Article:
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'Run The World' Is The Ode To Black Women, Black Culture, And Black Love We All Need

From the fashion and Harlem backdrop, to the sex and quality drama, it's a refreshing must-see.

Culture & Entertainment

This article is in partnership with Starz.

Listen. We all love a good rerun of Sex and the City, but the ghosts of Carrie, Samantha, Charlotte, and Miranda can go ahead and rest. There's finally a new, formidable foursome further uptown—Harlem that is—and they've taken the fashion, sex, and sister-girlfriend drama to entertainingly engaging new levels. Trust me, Starz's new series Run the World is the ode to Black femininity, friendship, and NYC flavor we all need right now. And if you haven't been tuned in on Sunday nights at 8:30 p.m., you're truly missing out.


The series features women we can all either relate to, live vicariously through, or maybe even side eye, wondering where our coin is because at least one sis is us. Ella is a sexy, Caesar-cut rocking writer (played by Andrea Bordeaux) who begins the season mourning love lost and stumbling through a career renewal. Sondi (played by Corbin Reid) is a Ph.D. student who serves Cree Summer-in-A-Different-World-edgy realness, while juggling school and an entanglement with her single-dad advisor.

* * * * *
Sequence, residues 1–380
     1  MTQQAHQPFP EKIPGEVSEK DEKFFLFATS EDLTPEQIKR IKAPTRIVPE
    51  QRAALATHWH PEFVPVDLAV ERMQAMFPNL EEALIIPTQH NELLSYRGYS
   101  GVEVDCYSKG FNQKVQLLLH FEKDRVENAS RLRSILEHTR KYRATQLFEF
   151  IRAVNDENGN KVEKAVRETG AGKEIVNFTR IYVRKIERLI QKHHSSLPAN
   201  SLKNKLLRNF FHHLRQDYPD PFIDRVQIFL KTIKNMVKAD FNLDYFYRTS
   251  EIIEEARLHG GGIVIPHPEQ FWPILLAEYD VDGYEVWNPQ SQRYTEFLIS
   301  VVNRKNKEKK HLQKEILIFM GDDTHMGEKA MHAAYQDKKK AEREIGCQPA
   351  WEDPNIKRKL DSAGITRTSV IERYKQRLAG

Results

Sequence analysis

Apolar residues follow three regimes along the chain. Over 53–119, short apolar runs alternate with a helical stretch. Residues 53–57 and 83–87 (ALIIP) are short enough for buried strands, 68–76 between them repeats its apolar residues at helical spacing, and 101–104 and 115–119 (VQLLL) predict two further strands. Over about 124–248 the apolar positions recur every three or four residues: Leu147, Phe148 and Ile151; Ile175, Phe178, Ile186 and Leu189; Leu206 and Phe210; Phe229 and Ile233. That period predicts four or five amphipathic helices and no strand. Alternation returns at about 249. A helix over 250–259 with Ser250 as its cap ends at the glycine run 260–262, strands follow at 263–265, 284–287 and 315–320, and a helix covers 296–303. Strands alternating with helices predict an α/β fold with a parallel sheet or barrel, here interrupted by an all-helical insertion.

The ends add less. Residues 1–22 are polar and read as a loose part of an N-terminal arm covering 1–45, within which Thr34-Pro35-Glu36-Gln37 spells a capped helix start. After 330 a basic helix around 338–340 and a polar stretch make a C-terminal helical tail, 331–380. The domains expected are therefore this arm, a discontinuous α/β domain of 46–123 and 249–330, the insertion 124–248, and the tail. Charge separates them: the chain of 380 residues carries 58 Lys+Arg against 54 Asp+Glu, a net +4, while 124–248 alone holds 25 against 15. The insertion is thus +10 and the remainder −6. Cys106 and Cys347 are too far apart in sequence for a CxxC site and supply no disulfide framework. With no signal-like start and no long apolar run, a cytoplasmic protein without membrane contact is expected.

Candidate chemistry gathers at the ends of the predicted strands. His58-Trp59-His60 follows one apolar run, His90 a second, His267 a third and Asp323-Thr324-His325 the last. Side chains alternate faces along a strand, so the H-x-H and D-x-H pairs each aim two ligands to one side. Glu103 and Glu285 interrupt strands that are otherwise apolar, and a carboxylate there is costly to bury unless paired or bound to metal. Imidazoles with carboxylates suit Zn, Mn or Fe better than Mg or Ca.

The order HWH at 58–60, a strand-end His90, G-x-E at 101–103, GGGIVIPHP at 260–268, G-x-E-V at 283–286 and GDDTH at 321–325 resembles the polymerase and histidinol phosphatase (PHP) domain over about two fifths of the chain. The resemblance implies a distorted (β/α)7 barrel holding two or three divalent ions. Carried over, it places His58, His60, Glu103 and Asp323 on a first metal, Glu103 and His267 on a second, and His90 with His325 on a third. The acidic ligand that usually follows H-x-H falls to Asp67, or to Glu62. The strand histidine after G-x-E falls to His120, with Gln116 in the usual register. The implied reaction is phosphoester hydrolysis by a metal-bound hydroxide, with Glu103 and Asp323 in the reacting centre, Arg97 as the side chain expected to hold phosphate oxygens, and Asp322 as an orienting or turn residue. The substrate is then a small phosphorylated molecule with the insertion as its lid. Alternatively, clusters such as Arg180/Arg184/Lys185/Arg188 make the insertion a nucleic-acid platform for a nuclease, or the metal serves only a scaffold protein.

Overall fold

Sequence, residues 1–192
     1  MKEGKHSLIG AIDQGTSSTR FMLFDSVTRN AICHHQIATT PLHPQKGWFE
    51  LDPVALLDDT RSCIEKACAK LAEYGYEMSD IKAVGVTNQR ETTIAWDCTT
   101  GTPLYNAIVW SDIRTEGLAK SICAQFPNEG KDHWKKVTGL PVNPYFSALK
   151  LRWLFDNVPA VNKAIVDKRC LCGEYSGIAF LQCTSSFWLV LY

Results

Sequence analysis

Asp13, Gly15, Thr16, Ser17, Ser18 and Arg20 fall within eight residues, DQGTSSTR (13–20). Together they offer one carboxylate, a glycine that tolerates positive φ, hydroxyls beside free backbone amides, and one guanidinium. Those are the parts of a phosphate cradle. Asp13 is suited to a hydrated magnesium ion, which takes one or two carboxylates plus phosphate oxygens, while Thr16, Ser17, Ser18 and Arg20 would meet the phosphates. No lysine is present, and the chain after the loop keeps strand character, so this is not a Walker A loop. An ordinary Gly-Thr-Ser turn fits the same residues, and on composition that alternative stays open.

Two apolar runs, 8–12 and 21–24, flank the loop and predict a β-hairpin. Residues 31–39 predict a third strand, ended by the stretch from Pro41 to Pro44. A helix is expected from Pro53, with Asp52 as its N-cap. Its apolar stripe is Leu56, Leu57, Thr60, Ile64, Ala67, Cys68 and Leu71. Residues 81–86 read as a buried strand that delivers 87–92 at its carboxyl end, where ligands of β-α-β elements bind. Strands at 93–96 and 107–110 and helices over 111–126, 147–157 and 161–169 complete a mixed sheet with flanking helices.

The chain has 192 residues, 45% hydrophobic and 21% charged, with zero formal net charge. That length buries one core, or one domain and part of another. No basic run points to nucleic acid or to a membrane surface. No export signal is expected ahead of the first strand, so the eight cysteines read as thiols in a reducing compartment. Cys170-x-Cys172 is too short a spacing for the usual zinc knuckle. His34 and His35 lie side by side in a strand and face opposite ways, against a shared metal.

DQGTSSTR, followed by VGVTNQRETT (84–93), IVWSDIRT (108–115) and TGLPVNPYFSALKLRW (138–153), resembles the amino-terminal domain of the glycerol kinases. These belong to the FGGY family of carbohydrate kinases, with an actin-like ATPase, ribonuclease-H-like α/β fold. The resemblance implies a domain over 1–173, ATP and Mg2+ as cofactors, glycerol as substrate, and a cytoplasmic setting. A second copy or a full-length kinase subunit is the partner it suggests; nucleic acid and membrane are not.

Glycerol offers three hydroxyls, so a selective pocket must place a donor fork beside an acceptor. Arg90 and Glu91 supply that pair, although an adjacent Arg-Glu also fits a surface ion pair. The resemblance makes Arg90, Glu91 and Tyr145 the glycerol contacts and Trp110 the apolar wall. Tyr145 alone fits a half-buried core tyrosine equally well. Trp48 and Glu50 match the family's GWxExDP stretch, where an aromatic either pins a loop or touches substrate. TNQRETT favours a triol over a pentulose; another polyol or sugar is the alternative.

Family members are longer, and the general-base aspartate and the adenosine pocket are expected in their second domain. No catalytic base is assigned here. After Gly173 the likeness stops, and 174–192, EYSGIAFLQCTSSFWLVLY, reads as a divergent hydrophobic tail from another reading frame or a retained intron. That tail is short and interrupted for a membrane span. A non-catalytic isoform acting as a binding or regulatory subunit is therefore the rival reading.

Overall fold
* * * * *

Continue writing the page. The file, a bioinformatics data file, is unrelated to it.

Rebecca Smythe (Starz Entertainment)

Whitney is an elegant yet aloof banker (played by Amber Stevens West) prepping for a massive Nigerian wedding after cheating on her fiance. (And that's reason enough to continue watching if not just to see the festivities unfold. If you know, you know.) And last but certainly not least is Renee (played by Bresha Webb), a feisty-fiery soon-to-be-divorced marketing exec who unapologetically serves as the tell-it-like-it-is voice of ratchet reason in the group.

It's The Quality For Us

Rebecca Smythe (Starz Entertainment)

This is the Living Single of today's generation, packed full of quality cinematography, storylines that actually make sense in a city setting, cameos by real-life staples of the Harlem nightlife and restaurant scenes (that will make you forget how long you've been self-isolating), and sexcapades that spark memories of what it was like to have an active dating life that went beyond sexting, quarantine loving, and weird dating app rendezvous. There's not a badly styled or poorly-sourced wig in sight, no disjointed plot lines to sort through, and hardly any saucy, overly dramatic dialogue or fight scenes, so you're in for just good, solid TV with this one.

Speaking of Living Single, Erika Alexander makes an appearance, playing Barb, the chic, no-nonsense boss of Ella. She brings the same ambitious, savvy, youthful spunk to the role as she did with Maxine.

Sex, Some Good Sex, and More... Well Sex

Rebecca Smythe (Starz Entertainment)

Oh, and let's not forget the foine (yes, F-O-I-N-E) men who add the perfect dose of masculinity and tainted romance to the mix. Whitney's debonair Nigerian doctor bae, Ola, is played by Tosin Morohunfola, Renee's soon-to-be ex, Jason, is played by the chocolate goodness that is Jay Walker, and the naughty zaddy professor, is played by Stephen Bishop. (Remember him from the luscious situationship in Being Mary Jane? Yes, sis. Him.)